Family Inequality: Diverging Patterns in Marriage, Cohabitation, and Childbearing. National Bureu of Economic Research. Shelly Lundberg et al. March 31, 2016.
The last 60 years have seen the emergence of a dramatic socioeconomic gradient in marriage, divorce, cohabitation, and childbearing. The divide is between college graduates and others: those without four-year degrees have family patterns and trajectories very similar to those of high school graduates. The report documents these trends and show that, compared with college graduates, less-educated women are more likely to enter into cohabiting partnerships early and bear children while cohabiting, are less likely to transition quickly into marriage, and have much higher divorce rates. [Note: contains copyrighted material].
[PDF format, 29 pages, 492.78 KB].
Supreme Court Appointment Process: President’s Selection of a Nominee. Congressional Research Service, Library of Congress. Barry J. McMillion. April 1, 2016.
The appointment of a Supreme Court Justice is an event of major significance in American politics. Each appointment is of consequence because of the enormous judicial power the Supreme Court exercises as the highest appellate court in the federal judiciary. The procedure for appointing a Justice is provided for by the Constitution in only a few words. The “Appointments Clause” (Article II, Section 2, clause 2) states that the President “shall nominate, and by and with the Advice and Consent of the Senate, shall appoint … Judges of the supreme Court.” The process of appointing Justices has undergone changes over two centuries, but its most basic feature—the sharing of power between the President and Senate—has remained unchanged: To receive appointment to the Court, a candidate must first be nominated by the President and then confirmed by the Senate.
[PDF format, 26 pages, 836.0 KB].
Transformational Climate Finance: An Exploration of Low-Carbon Energy. World Resources Institute. Michael Westphal and Joe Thwaites. March 2016.
The working paper examines how climate finance can be transformational by gleaning insights from nine low-carbon energy case studies, selected to cover a variety of geographies, energy sources, and degrees of transformation. [Note: contains copyrighted material].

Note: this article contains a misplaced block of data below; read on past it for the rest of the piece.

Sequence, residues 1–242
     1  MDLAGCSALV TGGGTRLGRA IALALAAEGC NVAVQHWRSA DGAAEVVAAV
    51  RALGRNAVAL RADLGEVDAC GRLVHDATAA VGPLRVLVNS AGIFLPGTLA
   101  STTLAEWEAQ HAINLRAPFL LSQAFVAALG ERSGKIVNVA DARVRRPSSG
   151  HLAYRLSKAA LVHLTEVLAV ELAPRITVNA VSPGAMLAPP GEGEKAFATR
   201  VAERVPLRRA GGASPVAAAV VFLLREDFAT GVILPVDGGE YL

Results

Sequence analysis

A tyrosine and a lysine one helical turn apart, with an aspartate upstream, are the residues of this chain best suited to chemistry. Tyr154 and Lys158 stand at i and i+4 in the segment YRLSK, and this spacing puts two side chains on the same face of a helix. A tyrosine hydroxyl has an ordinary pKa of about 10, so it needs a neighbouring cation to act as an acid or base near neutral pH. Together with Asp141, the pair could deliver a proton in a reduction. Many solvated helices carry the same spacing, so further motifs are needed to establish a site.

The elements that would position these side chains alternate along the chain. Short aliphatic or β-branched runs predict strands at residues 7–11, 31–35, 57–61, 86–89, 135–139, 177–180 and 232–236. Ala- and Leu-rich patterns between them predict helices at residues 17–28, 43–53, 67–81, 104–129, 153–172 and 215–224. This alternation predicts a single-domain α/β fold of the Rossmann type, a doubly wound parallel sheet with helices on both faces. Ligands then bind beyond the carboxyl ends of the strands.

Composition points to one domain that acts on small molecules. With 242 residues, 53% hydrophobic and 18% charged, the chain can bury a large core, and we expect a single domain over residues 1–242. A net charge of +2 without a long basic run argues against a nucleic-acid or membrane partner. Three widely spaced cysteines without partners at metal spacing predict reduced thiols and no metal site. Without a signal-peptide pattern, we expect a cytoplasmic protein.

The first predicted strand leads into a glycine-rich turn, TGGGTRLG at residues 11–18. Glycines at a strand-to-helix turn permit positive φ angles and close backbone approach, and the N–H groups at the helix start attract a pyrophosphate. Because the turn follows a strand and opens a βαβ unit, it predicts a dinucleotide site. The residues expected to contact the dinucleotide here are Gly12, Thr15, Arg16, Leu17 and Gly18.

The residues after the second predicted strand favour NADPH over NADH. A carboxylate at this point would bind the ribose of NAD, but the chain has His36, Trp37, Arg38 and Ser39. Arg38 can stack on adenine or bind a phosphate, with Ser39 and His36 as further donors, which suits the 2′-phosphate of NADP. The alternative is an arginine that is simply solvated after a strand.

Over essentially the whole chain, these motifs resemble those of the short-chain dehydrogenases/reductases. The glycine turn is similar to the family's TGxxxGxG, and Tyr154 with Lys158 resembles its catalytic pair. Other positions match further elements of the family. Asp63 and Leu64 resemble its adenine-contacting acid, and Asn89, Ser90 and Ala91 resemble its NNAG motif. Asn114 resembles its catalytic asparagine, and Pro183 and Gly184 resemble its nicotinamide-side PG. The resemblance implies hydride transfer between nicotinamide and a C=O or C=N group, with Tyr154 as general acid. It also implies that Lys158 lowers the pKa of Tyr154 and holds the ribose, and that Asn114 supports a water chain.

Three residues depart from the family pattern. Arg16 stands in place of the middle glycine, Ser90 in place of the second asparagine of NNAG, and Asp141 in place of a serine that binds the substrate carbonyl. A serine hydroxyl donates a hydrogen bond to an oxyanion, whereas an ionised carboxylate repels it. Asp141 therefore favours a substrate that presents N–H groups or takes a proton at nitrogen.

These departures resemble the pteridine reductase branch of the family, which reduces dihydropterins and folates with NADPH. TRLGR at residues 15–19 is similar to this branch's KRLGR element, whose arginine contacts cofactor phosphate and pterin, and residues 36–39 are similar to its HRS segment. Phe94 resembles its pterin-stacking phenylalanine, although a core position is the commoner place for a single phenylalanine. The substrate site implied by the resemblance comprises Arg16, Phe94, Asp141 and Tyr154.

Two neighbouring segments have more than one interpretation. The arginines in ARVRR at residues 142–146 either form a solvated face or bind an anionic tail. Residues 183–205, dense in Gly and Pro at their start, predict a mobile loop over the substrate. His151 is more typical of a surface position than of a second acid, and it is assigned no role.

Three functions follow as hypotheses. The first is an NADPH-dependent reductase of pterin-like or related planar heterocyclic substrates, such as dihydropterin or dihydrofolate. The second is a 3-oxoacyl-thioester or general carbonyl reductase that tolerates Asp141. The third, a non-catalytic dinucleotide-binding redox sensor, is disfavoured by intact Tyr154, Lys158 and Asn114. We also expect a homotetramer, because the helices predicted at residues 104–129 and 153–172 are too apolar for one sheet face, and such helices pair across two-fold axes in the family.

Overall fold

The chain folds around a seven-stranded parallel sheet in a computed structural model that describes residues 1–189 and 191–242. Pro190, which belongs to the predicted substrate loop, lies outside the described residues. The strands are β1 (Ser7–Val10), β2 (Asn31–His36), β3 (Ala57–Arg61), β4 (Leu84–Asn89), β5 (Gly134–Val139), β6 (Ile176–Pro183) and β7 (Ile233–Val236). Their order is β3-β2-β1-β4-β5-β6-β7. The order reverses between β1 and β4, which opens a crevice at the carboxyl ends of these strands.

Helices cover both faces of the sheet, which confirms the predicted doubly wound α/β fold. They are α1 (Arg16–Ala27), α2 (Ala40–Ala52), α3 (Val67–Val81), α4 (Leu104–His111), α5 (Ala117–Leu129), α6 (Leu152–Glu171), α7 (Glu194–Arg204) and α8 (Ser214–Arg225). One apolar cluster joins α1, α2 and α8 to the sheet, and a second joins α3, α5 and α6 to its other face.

[PDF format, 50 pages, 1.17 MB].
Global Health Programs and Partnerships: Evidence of Mutual Benefit and Equity. Center for Strategic & International Studies. Stephen Morrison et al. April 1, 2016.
Academic global health programs are proliferating, and global health partnerships between North American academic institutions and institutions in low- and middle-income countries are steadily increasing. The study employs surveys and key informant interviews to examine global health partnerships, and it presents a framework for success to guide the development of sustainable global health programs and partnerships with measurable, defined impact. Eighty-two North American academic institutions and 46 international partnering institutions participated in the survey. [Note: contains copyrighted material].
[PDF format, 106 pages, 3.79 MB].
Forfeiting the American Dream: How Civil Asset Forfeiture Exacerbates Hardship for Low-income Communities and Communities of Color. Center for American Progress. Rebecca Vallas et al. April 1, 2016.
The report provides an overview of the rise of civil asset forfeiture abuse by law enforcement, highlights the impact of these abusive practices on low-income individuals and communities of color, and offers steps that state policymakers can take to prevent civil asset forfeiture abuses from pushing already struggling families and communities into or deeper into poverty. [Note: contains copyrighted material].
[PDF format, 26 pages, 721.1 KB].
Happy Birthday, You’re Fired! The Effects of Age-Dependent Minimum Wages on Youth Employment Flows in the Netherlands. Cato Institute. Jan Kabatek. March 30, 2016.
Many countries use age-dependent minimum wage systems to facilitate the entry of young workers into the labor force. The age dependency turns the minimum wage rate into a stepwise increasing function of workers’ calendar age, rendering young workers comparatively cheaper than older workers. Being subject to the reduced minimum wage, younger job seekers become more desirable for firms and therefore are more likely to find a job that fits their skills and experience. Indeed, several studies find positive effects of an age-dependent minimum wage on youth employment. However, what they fail to address is that, apart from its effects on employment stocks, this policy design changes the youth labor market flows, introducing new dynamics into the decisions of both employers and employees. [Note: contains copyrighted material].
[PDF format, 2 pages, 69.63 KB].
Campaign Exposes Fissures Over Issues, Values and How Life Has Changed in the U.S. Pew Research Center. March 31, 2016.
The 2016 presidential campaign has exposed deep disagreements between – and within – the two parties on a range of major policy issues. But these divisions go well beyond the issues and extend to fundamentally different visions of the way that life in the United States has changed. Overall, 46% of registered voters say that life in America today is worse than it was 50 years ago “for people like them,” while 34% say life is better and 14% think it is about the same. Republican and Republican-leaning voters are more than twice as likely as Democratic voters to say life in this country has gotten worse over the past half-century for people like them (66% to 28%). [Note: contains copyrighted material].
[PDF format, 89 pages, 753.4 KB].